The U.S. economy added 164,000 jobs in July, fewer than June’s downwardly revised 193,000 hirings, according to the Bureau of Labor Statistics. The unemployment rate was 3.7%, matching last month’s rate.
Economists expected the so-called nonfarm payroll number to rise by 165,000 and the unemployment rate to drop to 3.6%, as measured by a Bloomberg poll, which would have tied the 50-year low set in April and May, but the addition of 370,000 new workers to the labor force brought the participation rate up to 63%, the highest in four months. July’s hiring pace was close to the monthly average for 2019, though slower than last year’s 223,000 a month.
“If job growth stabilizes at the current pace, we’re OK, but if it doesn’t, if it continues to slow, the chance of a recession rises,” said Mark Zandi, chief economist of Moody’s Analytics.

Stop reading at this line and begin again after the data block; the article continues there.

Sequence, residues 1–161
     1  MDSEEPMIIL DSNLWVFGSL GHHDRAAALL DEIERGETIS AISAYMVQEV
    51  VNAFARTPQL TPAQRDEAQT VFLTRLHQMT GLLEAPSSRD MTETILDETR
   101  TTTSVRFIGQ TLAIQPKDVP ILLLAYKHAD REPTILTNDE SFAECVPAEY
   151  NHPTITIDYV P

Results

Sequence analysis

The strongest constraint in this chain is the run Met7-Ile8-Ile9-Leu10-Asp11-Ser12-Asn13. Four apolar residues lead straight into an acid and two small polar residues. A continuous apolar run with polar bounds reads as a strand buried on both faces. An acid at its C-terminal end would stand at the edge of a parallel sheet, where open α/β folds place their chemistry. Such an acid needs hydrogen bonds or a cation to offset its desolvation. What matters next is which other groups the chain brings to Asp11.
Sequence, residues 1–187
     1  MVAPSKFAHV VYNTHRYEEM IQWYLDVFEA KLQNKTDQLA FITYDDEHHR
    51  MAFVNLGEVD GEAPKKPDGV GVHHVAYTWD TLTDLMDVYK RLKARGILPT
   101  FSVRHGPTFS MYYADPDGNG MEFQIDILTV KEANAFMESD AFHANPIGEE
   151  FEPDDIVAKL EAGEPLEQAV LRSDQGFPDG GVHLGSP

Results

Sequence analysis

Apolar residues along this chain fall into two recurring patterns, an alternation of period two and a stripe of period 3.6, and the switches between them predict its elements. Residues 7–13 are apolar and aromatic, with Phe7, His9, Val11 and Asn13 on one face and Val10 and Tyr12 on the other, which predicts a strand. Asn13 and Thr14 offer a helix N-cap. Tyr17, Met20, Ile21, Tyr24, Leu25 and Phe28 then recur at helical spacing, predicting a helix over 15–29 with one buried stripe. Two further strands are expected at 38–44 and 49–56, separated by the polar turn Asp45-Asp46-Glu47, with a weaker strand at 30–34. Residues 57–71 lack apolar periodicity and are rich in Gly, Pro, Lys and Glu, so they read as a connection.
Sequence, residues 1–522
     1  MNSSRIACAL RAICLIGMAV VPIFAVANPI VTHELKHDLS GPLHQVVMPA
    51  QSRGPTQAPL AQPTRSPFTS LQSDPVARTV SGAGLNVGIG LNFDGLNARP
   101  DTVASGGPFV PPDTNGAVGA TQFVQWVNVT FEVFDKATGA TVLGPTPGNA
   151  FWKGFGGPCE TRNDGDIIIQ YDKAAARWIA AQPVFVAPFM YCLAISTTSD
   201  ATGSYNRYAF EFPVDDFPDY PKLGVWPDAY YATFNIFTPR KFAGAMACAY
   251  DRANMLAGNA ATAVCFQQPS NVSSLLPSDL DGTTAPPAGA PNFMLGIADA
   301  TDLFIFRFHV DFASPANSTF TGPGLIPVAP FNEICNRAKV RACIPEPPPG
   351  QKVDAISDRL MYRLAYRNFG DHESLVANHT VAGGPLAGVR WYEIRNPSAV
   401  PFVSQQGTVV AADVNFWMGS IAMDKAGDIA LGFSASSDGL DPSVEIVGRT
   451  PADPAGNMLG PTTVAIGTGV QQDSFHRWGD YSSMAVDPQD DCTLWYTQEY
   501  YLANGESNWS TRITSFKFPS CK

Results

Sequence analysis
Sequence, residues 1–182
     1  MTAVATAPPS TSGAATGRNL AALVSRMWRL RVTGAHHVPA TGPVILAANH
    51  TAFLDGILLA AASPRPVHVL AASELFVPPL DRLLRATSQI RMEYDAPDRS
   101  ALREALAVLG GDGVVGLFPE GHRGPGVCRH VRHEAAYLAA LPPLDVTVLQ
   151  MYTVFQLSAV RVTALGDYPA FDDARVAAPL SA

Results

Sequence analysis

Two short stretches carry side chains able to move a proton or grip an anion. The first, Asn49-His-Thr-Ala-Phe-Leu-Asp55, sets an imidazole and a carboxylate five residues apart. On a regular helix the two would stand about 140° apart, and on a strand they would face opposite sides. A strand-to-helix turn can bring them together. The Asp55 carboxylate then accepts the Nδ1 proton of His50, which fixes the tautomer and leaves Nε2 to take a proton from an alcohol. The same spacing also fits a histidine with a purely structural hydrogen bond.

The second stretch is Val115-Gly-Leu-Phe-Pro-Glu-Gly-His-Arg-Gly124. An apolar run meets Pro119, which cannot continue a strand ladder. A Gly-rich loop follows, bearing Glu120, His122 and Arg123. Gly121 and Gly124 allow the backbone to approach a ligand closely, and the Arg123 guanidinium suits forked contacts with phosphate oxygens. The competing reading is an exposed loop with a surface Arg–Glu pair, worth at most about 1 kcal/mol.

Professional and business services led the job gains with the addition of 31,000 positions, while health care added 30,000, according to the BLS report. Industries that saw little change during the month included construction, manufacturing, retail trade, transportation and warehousing, leisure and hospitality, and government.
"The economy continued to create jobs, but at a pace that's a little slower than it has been," said Robert Dietz, chief economist of the National Association of Home Builders. The numbers in the report were "consistent with our forecast that economic growth is going to continue to decelerate a little bit, which is why we saw the Federal Reserve reduce its rate this week."
Average hourly earnings in July rose by 8 cents to $27.98, matching the gain in June, the report said. Over the past 12 months, wages rose 3.2%. The average workweek contracted by six minutes to 34.3 hours.